Village Halloween Parade Now a Branding Opportunity for Dos Equis

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A fake beer spokesperson known as “the Most Interesting Man in the World” was just named grand marshal for this year’s 42nd annual Greenwich Village Halloween parade.

That’s right, the spokesperson for Dos Equis Lager Especial will lead hundreds of puppets, dancers, musicians, and costumed New Yorkers along Sixth Avenue. Why? Because he’s the most interesting man in the world, of course!

The parade has been in existence since 1975, created by puppeteer and mask-maker Ralph Lee. Initially, it was just a short neighborhood walk for Lee’s kids and a few others, but after two years, it became a citywide hit. While once scrappy, it’s now attended by more than 2 million spectators every year.

But it’s also expensive to operate: In 2012, it struggled with financial problems after canceling due to Hurricane Sandy, and they were forced to use a Kickstarter campaign to keep the Day of the Dead alive for 2013.

Though the parade doesn’t always have a grand marshal, in the past it’s been hosted by Gene Simmons, Kelly Ripa, and Whoopi Goldberg. They’ve also invited a young boy whose family was displaced by Hurricane Katrina, and they welcomed Carnival artist Didier Civil from Haiti to lead in 2010.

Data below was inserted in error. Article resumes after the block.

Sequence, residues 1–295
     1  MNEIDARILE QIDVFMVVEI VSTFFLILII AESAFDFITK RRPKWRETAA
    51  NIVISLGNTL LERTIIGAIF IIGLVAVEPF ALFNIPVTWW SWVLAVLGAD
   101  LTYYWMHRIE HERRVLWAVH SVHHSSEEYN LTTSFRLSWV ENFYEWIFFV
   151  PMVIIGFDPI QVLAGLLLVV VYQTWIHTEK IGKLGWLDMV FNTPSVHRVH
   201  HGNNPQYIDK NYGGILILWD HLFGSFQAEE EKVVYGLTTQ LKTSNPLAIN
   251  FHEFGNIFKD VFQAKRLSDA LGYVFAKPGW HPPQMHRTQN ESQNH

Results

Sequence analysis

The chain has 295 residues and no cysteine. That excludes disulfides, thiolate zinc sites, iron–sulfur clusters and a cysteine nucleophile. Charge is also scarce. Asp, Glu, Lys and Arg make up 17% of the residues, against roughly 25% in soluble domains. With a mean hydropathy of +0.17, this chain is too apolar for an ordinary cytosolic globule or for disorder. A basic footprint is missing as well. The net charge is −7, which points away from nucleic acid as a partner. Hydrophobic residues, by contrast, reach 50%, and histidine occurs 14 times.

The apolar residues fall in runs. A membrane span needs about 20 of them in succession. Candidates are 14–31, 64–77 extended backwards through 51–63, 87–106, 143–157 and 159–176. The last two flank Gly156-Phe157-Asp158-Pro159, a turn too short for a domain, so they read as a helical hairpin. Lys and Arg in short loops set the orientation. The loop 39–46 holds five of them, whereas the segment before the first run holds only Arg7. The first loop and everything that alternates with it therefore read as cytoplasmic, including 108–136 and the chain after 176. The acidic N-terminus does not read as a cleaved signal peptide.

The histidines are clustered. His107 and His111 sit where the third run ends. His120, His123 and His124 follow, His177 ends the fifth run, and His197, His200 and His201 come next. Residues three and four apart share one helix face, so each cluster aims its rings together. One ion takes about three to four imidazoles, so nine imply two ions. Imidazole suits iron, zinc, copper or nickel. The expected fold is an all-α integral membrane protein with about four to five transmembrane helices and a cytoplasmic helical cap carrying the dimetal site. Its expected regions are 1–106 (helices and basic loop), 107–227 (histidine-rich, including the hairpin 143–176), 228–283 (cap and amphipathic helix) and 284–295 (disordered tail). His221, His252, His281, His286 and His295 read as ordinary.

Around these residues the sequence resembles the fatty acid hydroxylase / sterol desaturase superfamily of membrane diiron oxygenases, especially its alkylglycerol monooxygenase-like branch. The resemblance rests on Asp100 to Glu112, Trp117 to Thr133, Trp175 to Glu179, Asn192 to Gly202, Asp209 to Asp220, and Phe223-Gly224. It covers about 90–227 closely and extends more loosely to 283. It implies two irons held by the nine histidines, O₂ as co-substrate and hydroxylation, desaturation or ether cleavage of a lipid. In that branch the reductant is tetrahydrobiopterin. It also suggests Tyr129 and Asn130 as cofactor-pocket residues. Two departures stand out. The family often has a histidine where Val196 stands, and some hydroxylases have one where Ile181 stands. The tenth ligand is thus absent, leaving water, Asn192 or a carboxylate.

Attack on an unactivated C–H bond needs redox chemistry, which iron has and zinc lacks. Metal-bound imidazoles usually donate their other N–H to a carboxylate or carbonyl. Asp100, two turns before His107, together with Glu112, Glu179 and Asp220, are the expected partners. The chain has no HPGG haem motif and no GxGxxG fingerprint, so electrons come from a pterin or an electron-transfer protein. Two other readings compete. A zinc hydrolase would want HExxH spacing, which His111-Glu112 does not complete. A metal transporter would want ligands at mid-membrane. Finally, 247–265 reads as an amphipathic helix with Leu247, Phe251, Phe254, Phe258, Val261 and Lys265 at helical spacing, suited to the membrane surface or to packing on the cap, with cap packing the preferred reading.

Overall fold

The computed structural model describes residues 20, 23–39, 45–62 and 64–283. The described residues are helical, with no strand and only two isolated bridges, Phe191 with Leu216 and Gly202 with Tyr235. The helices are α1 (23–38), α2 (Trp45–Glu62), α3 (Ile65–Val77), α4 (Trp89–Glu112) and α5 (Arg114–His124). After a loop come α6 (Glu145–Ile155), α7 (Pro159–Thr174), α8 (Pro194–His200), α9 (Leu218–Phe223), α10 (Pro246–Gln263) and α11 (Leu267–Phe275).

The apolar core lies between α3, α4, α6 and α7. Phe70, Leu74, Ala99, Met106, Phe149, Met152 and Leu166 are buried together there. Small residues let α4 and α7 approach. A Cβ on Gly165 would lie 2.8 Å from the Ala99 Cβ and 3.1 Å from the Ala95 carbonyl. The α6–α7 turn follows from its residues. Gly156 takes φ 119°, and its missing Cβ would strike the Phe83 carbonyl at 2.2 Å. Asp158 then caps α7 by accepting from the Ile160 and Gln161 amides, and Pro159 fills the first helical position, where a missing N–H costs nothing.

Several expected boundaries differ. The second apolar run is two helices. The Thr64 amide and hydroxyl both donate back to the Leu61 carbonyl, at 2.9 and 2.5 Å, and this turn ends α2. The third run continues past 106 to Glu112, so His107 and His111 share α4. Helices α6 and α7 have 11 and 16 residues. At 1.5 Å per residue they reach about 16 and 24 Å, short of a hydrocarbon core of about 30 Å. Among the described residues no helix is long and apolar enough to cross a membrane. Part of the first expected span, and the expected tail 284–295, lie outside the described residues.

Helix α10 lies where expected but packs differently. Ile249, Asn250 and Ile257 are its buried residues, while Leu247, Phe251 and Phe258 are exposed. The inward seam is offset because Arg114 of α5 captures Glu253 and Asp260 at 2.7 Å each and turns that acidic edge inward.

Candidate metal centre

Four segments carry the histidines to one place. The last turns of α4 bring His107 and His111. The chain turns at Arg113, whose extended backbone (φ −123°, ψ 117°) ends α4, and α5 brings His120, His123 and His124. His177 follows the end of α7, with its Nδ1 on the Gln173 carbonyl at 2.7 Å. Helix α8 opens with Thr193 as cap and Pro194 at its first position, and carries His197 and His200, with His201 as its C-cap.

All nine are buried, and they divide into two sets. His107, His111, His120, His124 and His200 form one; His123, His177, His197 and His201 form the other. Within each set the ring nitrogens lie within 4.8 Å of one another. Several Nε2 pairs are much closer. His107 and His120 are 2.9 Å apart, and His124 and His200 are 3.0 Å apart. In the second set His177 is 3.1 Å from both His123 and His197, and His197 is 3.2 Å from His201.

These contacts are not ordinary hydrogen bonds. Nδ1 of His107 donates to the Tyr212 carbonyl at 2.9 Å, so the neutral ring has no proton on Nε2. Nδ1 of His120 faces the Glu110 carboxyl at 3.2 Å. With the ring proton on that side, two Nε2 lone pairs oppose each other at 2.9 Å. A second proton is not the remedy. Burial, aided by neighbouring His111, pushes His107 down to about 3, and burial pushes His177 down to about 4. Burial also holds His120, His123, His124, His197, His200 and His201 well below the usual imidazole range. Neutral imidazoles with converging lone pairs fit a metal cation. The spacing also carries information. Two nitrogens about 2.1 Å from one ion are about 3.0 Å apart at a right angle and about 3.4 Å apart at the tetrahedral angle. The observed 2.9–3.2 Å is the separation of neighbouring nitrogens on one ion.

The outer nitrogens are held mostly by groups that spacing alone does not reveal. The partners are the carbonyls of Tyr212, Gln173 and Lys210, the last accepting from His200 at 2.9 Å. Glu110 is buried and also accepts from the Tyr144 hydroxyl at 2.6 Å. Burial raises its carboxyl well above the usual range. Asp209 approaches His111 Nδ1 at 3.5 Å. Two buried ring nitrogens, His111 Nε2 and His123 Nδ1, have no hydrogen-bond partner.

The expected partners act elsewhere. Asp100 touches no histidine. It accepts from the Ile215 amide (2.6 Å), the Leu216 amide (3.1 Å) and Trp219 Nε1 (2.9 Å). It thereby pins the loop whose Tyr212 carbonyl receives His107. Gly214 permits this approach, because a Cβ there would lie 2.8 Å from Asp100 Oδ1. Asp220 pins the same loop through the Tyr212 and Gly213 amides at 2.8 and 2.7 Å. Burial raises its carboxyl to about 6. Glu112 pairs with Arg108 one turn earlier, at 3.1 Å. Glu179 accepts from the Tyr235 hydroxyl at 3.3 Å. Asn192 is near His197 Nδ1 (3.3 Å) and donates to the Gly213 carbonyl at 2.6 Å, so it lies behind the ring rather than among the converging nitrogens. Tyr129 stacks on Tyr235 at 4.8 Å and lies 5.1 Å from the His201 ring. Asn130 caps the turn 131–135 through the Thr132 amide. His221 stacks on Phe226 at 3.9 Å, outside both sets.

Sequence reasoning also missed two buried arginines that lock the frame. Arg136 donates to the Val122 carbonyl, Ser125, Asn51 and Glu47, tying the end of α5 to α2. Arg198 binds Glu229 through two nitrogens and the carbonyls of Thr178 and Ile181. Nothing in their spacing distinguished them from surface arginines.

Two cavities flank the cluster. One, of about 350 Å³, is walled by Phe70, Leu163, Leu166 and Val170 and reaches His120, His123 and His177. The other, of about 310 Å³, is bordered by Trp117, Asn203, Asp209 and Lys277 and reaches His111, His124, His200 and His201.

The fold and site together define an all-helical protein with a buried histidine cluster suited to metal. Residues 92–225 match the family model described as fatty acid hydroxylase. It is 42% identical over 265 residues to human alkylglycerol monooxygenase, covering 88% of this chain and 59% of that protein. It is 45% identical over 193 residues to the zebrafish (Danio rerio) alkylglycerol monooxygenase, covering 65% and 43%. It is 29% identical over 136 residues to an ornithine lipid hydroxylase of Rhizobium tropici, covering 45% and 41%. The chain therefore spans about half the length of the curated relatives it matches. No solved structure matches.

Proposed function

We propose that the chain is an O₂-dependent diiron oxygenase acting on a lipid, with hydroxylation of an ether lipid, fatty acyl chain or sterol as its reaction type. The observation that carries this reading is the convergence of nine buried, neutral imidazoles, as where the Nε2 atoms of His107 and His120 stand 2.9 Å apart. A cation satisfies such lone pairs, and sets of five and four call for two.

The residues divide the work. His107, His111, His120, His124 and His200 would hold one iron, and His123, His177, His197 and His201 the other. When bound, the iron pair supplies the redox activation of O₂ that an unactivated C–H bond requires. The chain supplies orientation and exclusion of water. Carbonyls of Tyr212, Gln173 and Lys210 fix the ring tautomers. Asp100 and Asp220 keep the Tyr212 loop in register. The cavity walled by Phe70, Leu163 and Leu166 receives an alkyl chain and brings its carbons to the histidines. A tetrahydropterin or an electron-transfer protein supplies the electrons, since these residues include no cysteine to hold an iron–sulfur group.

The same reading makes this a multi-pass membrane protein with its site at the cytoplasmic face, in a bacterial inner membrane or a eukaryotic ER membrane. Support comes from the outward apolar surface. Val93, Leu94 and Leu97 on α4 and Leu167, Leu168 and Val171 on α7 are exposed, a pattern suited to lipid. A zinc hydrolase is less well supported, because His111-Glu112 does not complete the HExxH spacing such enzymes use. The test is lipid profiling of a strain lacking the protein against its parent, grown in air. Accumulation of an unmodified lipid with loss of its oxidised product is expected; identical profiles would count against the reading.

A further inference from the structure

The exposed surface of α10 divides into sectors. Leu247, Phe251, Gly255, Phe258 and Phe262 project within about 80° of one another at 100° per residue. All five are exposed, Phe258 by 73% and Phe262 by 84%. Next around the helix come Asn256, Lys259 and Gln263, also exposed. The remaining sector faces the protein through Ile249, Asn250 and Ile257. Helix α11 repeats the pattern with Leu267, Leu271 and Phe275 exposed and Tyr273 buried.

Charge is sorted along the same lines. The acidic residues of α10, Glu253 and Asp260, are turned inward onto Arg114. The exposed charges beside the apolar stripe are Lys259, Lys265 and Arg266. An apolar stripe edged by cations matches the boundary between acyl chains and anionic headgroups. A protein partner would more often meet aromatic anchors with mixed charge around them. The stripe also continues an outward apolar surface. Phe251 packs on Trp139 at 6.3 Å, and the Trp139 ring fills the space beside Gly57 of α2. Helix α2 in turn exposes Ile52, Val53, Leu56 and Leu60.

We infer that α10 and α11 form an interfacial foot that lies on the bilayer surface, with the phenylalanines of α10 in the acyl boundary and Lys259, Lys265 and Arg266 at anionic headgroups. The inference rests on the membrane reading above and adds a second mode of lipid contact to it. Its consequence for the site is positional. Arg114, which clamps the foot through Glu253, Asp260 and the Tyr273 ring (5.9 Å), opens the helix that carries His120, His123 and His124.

They even asked Audrey, the giant flytrap puppet from Little Shop of Horrors, to host back in 2003.

But this year’s choice represents perhaps the strangest of all grand-marshal choices. Bronx-born actor Jonathan Goldsmith (that’s “the Most Interesting Man”’s real name) has been starring in Dos Equis advertisements since 2011 — but before his self-proclaimed “overnight success” he was an extra in a few television shows and later taught theater at Adelphi University in Garden City, Long Island, the Post reports. For much of his life he was living in the Sierra Mountains, living on a sailboat in the Marina del Rey.

“We are thrilled to have Dos Equis involved to keep this great NYC tradition alive,” parade director Jeanne Fleming told DNAinfo.

He “embodies exactly what this parade is about – mystery, intrigue, and of course, interesting,” Fleming told the Post.

Everything needs a sponsor these days, but this does seem like a new frontier of product placement. It’s hard to reach those seen-it-all young consumers these days!

So just how much is Dos Equis paying to turn the Greenwich Village Halloween parade into a branded revelry moment?

Fleming didn’t specify when reached for comment, but she did add that there is “a large Day of the Dead contingent in the Parade this year … so Dos XX was a good fit to work with.”

NYC Halloween Parade Now a Branding Opportunity